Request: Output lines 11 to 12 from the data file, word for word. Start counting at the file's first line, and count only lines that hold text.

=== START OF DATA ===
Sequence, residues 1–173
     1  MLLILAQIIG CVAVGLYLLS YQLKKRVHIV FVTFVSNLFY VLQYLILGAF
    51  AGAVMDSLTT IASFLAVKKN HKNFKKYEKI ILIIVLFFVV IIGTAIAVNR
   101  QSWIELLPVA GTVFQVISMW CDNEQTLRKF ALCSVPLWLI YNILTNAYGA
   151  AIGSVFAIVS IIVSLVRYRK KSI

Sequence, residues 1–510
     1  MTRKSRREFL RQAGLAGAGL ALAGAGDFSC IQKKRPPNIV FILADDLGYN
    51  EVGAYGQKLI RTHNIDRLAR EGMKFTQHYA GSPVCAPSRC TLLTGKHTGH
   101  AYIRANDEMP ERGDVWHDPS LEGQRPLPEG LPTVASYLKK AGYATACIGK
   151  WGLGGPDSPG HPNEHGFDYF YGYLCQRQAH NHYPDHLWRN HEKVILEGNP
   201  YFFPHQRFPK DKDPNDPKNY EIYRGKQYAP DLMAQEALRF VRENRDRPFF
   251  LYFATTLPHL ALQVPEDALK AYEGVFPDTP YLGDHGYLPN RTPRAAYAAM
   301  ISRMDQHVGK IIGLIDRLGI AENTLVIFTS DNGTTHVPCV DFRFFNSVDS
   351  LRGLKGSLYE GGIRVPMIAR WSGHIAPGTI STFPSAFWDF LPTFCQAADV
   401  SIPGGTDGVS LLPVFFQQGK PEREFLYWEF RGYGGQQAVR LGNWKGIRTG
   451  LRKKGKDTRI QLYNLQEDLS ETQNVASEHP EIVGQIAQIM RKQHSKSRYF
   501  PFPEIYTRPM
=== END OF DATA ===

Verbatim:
   201  YFFPHQRFPK DKDPNDPKNY EIYRGKQYAP DLMAQEALRF VRENRDRPFF
   251  LYFATTLPHL ALQVPEDALK AYEGVFPDTP YLGDHGYLPN RTPRAAYAAM